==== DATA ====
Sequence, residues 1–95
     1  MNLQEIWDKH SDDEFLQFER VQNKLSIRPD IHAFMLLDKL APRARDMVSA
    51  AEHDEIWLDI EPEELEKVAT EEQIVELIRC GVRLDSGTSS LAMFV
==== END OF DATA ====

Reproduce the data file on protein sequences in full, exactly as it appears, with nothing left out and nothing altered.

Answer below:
Sequence, residues 1–95
     1  MNLQEIWDKH SDDEFLQFER VQNKLSIRPD IHAFMLLDKL APRARDMVSA
    51  AEHDEIWLDI EPEELEKVAT EEQIVELIRC GVRLDSGTSS LAMFV